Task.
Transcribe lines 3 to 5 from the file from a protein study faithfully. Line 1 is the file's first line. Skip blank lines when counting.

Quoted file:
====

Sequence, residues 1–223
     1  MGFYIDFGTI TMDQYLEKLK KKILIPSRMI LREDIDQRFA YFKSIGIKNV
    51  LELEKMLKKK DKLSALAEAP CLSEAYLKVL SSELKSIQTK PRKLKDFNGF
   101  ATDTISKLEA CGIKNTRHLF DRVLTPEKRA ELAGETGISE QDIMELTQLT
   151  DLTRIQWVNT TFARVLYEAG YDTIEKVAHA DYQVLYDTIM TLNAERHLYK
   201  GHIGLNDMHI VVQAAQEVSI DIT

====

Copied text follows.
    51  LELEKMLKKK DKLSALAEAP CLSEAYLKVL SSELKSIQTK PRKLKDFNGF
   101  ATDTISKLEA CGIKNTRHLF DRVLTPEKRA ELAGETGISE QDIMELTQLT
   151  DLTRIQWVNT TFARVLYEAG YDTIEKVAHA DYQVLYDTIM TLNAERHLYK